print_media of the Oracle Database Sample Schema
PM, is used in many examples in this documentation and is defined as:
CREATE TABLE print_media ( product_id NUMBER(6) , ad_id NUMBER(6) , ad_composite BLOB , ad_sourcetext CLOB , ad_finaltext CLOB , ad_fltextn NCLOB , ad_textdocs_ntab textdoc_tab , ad_photo BLOB , ad_graphic BFILE , ad_header adheader_typ ) NESTED TABLE ad_textdocs_ntab STORE AS textdocs_nestedtab;
See Also:"Creating a Table Containing One or More LOB Columns" for the details of how
print_mediaand its associated tables and files are created.
Any LOB instance that is
NULL does not have a locator. Before you can pass a LOB instance to any LOB API routine, the instance must contain a locator. For example, you can select a
NULL LOB from a row, but you cannot pass the instance to the PL/SQL DBMS_LOB.READ procedure. The following sub-sections describe how to initialize a persistent LOB column and how to initialize a
Before you can start writing data to a persistent LOB using the supported programmatic environment interfaces (PL/SQL, OCI, OCCI, Pro*C/C++, Pro*COBOL, Visual Basic, Java, or OLEDB), the LOB column/attribute must be made non-
NULL, that is, it must contain a locator.
You can accomplish this by initializing the persistent LOB to empty in an
UPDATE statement using the functions
Note:You can use SQL to populate a LOB column with data even if it contains a
See Also:Chapter 5, "LOB Storage" for more information on initializing LOB columns.
EMPTY_CLOB() function in and of itself does not raise an exception. However, using a LOB locator that was set to empty to access or manipulate the LOB value in any PL/SQL
DBMS_LOB or OCI function raises an exception.
Valid places where empty LOB locators may be used include the
VALUES clause of an
INSERT statement and the
SET clause of an
Note:Character strings are inserted using the default character set for the instance.
INSERT statement in the
ad_sourcetext with the character string 'my Oracle',
ad_fltextn to an empty value,
ad_graphic to point to the file
my_picture located under the logical directory
CREATE OR REPLACE DIRECTORY my_directory_object AS 'oracle/work/tklocal'; INSERT INTO print_media VALUES (1726, 1, EMPTY_BLOB(), 'my Oracle', EMPTY_CLOB(), EMPTY_CLOB(), NULL, NULL, BFILENAME('my_directory_object', 'my_picture'), NULL);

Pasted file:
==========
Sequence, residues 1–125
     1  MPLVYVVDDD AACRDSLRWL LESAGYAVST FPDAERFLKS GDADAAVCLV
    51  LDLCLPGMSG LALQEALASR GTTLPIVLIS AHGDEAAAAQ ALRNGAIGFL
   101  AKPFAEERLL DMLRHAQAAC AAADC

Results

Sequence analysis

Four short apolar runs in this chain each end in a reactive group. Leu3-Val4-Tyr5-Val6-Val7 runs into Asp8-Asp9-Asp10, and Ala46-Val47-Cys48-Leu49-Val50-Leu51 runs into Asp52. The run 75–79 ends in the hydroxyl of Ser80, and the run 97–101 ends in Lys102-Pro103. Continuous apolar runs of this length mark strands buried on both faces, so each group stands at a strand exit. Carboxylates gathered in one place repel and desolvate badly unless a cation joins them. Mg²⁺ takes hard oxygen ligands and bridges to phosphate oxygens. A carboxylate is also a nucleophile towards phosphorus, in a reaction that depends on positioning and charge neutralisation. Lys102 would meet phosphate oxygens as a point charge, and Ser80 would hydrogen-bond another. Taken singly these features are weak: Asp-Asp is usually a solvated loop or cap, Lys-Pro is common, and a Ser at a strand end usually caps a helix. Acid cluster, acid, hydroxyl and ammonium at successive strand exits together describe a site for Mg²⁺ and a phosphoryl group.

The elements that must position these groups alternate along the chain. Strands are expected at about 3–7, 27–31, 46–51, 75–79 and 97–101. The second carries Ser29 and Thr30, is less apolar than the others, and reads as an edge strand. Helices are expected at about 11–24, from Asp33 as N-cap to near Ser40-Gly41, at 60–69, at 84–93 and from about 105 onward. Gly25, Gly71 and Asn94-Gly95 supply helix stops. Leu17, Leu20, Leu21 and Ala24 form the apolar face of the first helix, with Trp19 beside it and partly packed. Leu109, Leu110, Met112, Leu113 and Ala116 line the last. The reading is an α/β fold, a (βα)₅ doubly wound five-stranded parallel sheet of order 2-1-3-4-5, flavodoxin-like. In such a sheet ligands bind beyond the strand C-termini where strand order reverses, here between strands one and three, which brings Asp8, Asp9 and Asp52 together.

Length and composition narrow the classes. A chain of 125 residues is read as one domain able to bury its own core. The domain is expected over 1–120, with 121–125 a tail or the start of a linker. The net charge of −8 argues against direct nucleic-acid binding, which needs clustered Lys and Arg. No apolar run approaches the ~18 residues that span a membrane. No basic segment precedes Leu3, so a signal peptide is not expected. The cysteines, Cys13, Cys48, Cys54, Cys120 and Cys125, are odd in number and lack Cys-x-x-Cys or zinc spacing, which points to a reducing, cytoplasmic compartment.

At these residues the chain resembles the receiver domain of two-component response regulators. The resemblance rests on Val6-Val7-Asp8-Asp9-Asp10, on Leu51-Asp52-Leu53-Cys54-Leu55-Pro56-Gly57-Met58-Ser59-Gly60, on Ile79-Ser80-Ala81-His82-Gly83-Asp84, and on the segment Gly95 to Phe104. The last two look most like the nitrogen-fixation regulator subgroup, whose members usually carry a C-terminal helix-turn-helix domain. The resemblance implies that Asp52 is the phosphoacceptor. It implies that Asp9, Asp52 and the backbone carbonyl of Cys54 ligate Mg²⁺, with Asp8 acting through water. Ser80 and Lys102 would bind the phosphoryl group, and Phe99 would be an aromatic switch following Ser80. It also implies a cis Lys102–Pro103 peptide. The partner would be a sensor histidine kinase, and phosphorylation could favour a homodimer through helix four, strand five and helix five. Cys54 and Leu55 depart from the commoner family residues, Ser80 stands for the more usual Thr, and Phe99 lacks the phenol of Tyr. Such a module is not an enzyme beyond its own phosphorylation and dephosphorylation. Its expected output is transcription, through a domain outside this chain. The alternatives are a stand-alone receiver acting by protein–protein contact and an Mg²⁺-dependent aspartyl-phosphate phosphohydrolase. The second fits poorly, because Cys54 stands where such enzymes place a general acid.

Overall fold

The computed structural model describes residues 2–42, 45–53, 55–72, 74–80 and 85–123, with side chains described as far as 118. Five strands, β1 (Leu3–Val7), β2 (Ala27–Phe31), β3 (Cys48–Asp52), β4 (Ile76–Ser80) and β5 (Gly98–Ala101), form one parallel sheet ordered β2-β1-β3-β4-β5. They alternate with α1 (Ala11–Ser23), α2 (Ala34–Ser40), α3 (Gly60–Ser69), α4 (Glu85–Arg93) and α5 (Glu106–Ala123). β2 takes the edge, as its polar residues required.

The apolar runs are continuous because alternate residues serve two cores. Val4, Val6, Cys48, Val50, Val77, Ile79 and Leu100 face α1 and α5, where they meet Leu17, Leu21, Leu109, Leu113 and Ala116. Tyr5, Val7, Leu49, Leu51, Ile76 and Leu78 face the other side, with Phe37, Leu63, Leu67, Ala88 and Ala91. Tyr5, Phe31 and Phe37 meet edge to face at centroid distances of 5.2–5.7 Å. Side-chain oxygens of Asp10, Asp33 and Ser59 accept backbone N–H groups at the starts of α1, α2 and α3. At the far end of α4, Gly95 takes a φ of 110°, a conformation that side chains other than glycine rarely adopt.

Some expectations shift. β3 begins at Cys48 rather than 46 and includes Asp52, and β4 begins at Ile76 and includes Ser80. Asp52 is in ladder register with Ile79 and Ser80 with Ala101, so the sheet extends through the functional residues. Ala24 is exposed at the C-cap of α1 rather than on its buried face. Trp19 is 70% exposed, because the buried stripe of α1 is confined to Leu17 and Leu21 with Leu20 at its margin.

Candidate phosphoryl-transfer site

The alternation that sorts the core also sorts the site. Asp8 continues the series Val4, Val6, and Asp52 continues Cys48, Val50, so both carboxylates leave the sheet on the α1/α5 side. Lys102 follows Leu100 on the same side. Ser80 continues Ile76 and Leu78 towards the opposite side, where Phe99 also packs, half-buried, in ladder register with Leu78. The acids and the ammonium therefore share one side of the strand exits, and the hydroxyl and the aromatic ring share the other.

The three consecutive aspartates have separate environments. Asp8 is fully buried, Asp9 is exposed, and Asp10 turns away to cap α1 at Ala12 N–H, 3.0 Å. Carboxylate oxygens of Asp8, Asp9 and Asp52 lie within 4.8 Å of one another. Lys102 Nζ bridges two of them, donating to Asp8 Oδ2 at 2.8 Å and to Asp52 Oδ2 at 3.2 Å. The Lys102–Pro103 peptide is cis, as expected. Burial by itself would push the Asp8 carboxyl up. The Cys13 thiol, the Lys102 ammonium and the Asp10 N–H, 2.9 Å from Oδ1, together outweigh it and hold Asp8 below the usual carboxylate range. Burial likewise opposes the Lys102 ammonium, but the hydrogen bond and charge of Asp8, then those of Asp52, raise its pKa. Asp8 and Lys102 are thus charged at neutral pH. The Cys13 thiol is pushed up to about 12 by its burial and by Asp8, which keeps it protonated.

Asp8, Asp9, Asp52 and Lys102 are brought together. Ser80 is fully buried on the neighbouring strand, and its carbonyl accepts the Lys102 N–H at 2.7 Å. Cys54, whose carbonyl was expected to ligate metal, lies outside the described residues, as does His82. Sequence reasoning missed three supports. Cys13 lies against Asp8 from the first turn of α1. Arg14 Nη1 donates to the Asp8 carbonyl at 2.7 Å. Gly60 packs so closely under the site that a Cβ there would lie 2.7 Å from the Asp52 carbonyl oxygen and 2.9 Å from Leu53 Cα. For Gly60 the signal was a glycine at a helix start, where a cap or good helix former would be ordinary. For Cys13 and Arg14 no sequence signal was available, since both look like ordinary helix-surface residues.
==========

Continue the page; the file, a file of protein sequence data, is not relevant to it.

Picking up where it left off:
Similarly, the LOB attributes for the
ad_header column in
print_media can be initialized to
NULL, empty, or a character/raw literal, which is shown in the following statement:
INSERT INTO print_media (product_id, ad_id, ad_header) VALUES (1726, 1, adheader_typ('AD FOR ORACLE', sysdate, 'Have Grid', EMPTY_BLOB()));
"OCILobLocator Pointer Assignment" for details on LOB locator semantics in OCI
Before you can access
BFILE values using LOB APIs, the
BFILE column or attribute must be made non-
NULL. You can initialize the
BFILE column to point to an external operating system file by using the
See Also:"Accessing BFILEs" for more information on initializing BFILE columns.
You can access a LOB instance using the following techniques:
Support for columns that use LOB datatypes is built into many SQL functions. This support enables you to use SQL semantics to access LOB columns in SQL. In most cases, you can use the same SQL semantics on a LOB column that you would use on a
See Also:For details on SQL semantics support for LOBs, see Chapter 10, "SQL Semantics and LOBs".
You can select a LOB directly into
RAW buffers using the LONG-to-LOB API in OCI and PL/SQL. In the following PL/SQL example,
ad_finaltext is selected into a
DECLARE final_ad VARCHAR(32767); BEGIN SELECT ad_finaltext INTO final_ad FROM print_media WHERE product_id = 2056 and ad_id = 12001 ; /* PUT_LINE can only output up to 255 characters at a time */ ... DBMS_OUTPUT.PUT_LINE(final_ad); /* more calls to read final_ad */ ... END;
See Also:For more details on accessing LOBs using the data interface, see Chapter 14, "Data Interface for Persistent LOBs".
You can access and manipulate a LOB instance by passing the LOB locator to the LOB APIs supplied with the database. An extensive set of LOB APIs is provided with each supported programmatic environment. In OCI, a LOB locator is mapped to a locator pointer which is used to access the LOB value.
Note:In all environments, including OCI, the LOB APIs operate on the LOB value implicitly—there is no need to "dereference" the LOB locator.
This section provides details on LOB rules and restrictions.
LOB columns are subject to the following rules and restrictions:
You cannot specify a LOB as a primary key column.
Oracle Database has limited support for remote LOBs. Remote LOBs are supported in three ways.
1. Create table as select or insert as select.